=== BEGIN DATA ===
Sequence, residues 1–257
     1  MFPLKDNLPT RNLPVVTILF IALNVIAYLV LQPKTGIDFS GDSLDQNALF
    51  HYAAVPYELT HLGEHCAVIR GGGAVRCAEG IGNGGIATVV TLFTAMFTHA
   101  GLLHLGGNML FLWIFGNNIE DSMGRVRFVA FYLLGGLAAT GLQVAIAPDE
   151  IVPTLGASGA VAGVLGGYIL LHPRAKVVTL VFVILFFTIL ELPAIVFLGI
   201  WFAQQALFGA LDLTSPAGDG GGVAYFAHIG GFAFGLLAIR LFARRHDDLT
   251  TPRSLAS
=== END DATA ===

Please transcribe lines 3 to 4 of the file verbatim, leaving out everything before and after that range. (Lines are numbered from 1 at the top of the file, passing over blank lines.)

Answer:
    51  HYAAVPYELT HLGEHCAVIR GGGAVRCAEG IGNGGIATVV TLFTAMFTHA
   101  GLLHLGGNML FLWIFGNNIE DSMGRVRFVA FYLLGGLAAT GLQVAIAPDE